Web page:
According to the ABA/AAA/ACR and others, “Mediation is a process in which an impartial third party facilitates communication and negotiation and promotes voluntary decision-making by the parties to the dispute.” Mediation is an intuitive process that when done right, “just works.” Being the neutral third party, a mediator, who “does it right” takes training and practice. This article will explore where mediation came from, its common sense principles, and its potential to evolve.
Without getting too philosophical, it’s not hard to imagine a story for the evolution of mediation. That story might go something like this. As long as there have been people, there have been differences between each one of those people and all the others – people are unique. The potential for disagreement exists when the needs or desires of any two people are not the same.
People who are not involved in the disagreement can ignore it, support one of the disagreeing parties, or they can act as a neutral attempting to help the parties find a peaceful resolution. Whenever the relationship is important enough, or the consequences of the dispute severe enough, neutral outside parties can intervene out of concern for the parties.
Historically, it is reasonable to think some people were better than others at helping disputing parties find agreement. As a result, successful neutrals might have been asked to help more often. Successful neutrals got more opportunities to learn and improve their knowledge and skills.
It’s likely that successes were talked about and passed on so it’s reasonable to assume that being a neutral, a mediator, evolved as did the skills and knowledge they learned. Having successful outcomes and having successful resolutions that lasted, would seem likely reasons for mediation to sustain and become more widespread.
Given that mediation has sustained and become more widely accepted, what are some of the assumptions and principles that are characteristic of successful mediation? Since most mediation training shares assumptions and principles, that is a place to start looking for answers.
Common assumptions include:
- People know what’s best for themselves.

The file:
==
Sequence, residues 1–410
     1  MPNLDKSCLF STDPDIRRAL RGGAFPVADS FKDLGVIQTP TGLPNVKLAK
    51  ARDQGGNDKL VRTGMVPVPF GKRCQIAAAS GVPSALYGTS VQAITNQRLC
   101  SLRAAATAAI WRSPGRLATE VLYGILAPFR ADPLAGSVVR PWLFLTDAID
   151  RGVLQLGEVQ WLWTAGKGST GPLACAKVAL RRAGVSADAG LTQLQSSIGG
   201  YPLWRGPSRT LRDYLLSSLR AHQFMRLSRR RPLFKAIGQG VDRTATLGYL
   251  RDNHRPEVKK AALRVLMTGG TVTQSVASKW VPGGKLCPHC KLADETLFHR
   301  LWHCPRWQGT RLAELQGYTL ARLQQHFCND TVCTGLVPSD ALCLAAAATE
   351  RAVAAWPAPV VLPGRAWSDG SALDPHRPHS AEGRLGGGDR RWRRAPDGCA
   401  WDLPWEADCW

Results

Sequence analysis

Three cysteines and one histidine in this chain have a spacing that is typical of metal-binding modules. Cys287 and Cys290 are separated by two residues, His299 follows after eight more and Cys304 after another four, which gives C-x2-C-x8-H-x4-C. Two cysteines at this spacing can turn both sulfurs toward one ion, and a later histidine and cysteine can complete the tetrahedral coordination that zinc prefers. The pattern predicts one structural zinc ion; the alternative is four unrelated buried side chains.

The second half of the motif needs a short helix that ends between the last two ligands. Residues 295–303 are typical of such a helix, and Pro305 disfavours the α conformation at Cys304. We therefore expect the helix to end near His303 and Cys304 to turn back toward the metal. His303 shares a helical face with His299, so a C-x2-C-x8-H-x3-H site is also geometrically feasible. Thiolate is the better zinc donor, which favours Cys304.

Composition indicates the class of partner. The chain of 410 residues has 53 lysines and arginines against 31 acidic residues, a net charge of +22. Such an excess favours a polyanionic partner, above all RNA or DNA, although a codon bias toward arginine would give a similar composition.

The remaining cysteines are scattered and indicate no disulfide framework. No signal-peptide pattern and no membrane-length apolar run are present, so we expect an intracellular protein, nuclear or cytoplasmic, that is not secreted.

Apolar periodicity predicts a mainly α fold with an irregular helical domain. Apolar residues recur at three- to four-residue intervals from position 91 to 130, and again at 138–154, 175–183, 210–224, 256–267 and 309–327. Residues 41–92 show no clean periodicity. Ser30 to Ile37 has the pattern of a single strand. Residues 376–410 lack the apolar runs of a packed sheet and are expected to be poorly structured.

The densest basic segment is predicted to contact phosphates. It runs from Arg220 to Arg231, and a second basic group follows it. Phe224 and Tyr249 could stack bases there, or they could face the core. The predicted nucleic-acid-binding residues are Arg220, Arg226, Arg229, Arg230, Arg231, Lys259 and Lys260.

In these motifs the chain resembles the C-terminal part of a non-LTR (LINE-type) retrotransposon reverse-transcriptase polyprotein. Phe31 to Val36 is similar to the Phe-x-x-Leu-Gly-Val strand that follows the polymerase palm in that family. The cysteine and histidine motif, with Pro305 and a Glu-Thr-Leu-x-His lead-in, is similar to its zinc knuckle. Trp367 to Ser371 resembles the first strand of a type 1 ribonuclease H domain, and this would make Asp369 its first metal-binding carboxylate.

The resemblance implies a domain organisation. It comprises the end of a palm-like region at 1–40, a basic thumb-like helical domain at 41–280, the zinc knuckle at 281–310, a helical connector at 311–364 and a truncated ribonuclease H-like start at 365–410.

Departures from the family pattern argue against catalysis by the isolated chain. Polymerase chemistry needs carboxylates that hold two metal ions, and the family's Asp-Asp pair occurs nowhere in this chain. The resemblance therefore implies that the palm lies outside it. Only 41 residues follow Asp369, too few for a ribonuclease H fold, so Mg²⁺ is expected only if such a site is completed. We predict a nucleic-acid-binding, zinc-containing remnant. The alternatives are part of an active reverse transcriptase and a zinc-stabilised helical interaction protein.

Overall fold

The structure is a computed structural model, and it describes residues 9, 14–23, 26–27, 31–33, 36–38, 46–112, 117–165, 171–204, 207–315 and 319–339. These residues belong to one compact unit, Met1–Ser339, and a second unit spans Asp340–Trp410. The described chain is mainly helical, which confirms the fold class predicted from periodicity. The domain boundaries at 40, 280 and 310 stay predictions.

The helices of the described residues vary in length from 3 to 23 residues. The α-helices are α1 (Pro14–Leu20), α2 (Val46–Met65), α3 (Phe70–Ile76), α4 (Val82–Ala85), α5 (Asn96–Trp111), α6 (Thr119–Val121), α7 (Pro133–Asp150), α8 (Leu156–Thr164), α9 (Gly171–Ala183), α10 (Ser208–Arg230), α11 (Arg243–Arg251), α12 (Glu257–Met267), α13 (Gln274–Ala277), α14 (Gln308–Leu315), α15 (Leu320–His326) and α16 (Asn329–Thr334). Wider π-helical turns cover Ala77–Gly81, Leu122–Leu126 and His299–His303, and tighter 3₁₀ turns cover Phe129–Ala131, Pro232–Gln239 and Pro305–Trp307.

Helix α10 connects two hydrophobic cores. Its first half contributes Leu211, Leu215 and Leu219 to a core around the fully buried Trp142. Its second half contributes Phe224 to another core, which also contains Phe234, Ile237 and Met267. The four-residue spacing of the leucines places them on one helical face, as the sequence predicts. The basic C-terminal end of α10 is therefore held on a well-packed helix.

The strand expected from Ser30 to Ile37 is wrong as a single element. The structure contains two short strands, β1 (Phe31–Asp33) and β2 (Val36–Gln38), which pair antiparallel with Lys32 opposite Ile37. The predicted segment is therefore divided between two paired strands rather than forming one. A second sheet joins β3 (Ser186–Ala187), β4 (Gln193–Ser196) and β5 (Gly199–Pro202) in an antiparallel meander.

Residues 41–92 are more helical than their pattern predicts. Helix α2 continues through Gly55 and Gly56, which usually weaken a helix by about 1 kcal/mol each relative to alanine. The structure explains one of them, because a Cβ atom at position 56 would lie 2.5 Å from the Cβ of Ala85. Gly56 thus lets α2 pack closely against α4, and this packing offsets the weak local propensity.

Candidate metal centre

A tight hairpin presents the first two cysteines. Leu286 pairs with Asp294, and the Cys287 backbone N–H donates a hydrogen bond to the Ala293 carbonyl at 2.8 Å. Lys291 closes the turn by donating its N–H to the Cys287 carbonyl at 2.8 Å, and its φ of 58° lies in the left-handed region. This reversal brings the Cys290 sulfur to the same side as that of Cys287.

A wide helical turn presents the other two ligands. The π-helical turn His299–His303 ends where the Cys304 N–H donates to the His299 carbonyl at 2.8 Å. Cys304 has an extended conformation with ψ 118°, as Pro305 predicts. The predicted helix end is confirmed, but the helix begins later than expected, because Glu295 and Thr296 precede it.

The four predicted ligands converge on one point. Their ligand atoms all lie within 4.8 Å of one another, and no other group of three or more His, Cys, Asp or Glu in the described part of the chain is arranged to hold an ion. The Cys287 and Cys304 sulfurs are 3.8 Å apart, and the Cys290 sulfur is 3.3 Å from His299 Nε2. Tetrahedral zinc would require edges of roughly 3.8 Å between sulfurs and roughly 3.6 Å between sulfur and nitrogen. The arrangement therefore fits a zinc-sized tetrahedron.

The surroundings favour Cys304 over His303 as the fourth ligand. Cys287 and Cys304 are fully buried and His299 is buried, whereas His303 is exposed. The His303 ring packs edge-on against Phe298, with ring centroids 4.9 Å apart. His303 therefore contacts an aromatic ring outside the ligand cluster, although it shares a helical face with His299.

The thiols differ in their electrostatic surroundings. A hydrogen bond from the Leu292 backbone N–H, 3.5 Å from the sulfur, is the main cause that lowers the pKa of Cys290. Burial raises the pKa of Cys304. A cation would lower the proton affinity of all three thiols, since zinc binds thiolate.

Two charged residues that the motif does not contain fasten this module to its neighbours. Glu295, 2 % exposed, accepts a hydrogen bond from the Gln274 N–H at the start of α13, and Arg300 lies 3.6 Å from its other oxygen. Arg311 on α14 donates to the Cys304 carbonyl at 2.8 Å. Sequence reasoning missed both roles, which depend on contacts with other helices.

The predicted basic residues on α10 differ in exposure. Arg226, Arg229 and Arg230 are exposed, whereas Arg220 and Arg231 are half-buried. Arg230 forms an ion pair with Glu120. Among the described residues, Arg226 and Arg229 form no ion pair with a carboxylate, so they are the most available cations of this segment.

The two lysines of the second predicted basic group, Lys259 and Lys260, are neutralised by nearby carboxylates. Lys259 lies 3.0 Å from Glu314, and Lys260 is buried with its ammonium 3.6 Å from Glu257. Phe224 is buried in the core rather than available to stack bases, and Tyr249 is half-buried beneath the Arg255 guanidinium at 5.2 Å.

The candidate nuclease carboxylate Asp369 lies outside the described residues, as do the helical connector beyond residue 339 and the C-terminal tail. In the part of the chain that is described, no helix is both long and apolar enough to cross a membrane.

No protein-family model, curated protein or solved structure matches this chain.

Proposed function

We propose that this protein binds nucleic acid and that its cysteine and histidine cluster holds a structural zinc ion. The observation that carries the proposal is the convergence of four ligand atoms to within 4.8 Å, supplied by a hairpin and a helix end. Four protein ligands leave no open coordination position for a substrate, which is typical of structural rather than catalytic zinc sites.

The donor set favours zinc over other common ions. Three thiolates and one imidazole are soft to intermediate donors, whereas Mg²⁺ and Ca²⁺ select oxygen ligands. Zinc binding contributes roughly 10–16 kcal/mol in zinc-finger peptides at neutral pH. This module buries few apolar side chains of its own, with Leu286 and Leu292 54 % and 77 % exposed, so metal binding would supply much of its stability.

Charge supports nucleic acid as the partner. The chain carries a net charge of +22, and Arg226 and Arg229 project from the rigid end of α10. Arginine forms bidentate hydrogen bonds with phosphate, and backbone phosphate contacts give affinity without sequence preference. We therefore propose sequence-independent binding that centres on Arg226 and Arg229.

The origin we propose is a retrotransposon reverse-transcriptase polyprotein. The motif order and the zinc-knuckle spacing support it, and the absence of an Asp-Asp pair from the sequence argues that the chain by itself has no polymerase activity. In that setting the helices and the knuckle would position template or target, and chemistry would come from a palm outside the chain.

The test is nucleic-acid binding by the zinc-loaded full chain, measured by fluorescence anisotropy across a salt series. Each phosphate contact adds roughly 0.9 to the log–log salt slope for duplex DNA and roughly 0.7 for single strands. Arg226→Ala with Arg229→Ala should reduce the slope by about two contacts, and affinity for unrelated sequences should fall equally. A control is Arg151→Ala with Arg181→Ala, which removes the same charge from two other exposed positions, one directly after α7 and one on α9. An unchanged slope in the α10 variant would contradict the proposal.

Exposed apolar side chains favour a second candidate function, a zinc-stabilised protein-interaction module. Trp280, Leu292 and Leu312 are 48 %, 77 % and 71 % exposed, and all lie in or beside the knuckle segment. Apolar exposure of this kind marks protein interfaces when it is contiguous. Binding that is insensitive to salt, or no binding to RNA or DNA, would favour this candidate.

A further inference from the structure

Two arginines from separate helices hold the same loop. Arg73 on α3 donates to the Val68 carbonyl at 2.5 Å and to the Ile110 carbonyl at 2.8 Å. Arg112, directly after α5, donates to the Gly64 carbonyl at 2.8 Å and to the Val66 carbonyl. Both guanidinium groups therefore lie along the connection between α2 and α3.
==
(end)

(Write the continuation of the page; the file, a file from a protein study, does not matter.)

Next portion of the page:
- When people are given appropriate information and a safe environment for decision-making they can make good decisions.
- Often what people ask for is not what they need or even what they want.
- Agreements last longer when they are created by the parties themselves.
- The mediation process can rely on common sense parties have and trust.
- The best solutions offer what the parties need without requiring anyone to give up something they value.
- People respond best when they feel respected and heard.
A core set of principles that support those assumptions includes:
- Mediation works best when the parties are free to take part or not.
- Making the communications and other works of mediation confidential, inadmissible, and not discoverable, encourages parties to share more openly and effectively.
- Having the parties be responsible for decisions about who the mediator is, what the process is and what the rules are is very important.
- When parties can trust the “good faith” participation of the other parties, they can take part openly revealing relevant information that can make agreement possible.
- Understanding that having an opinion or perspective that is different from that of the other parties does not mean you are right, or they are wrong.
As a dispute resolution method, mediation has unique strengths. Mediation is not rocket science, most people can use it effectively. Most people naturally want the reduction of tension and the useless expenditure of energy that mediation can deliver. Mediation relies on the collective knowledge and collaboration of the parties. The mediation process is confidential, that contributes to more willing and open participation of the parties. Outside authority or agency is not required. Mediation can be applied close to the issue and when it’s needed. Since mediation is less expensive, it can be used by more people in more situations. Further, mediation uses the skills and knowledge people use in their everyday lives.
Mediation’s use is growing globally. Whether it continues to grow or retreats into disuse is a question for history. Reasons to be optimistic exist. Mediation is part of what people do naturally so it evolves with the integration of knowledge and technology into peoples’ lives. It is available to the widest set of people. Mediation relies on skills and knowledge that are distributed normally in the population. Mediation can be applied to the widest range of issues including cross-jurisdictional and emerging technology disputes. People intuitively trust mediation and practice it where and when they feel it’s needed.
Given all this, what is likely to happen to mediation as a practice? Informal mediation is likely to stay as long as people find it useful. But because informal mediation is informal, it may not fully take advantage of the evolution of knowledge and technology.
The formalized practice of mediation must prove itself as have other professions such as medicine, law, psychology, chemistry etc. The the public must be assured that mediation practitioners follow agreed ethical guidelines and that information is easily available to help select appropriate mediators. Practitioners must be assured that if they qualify to be identified as practitioners of formal mediation and adhere to the ethical codes of the practice, they can expect to enjoy the status and protection of a professional.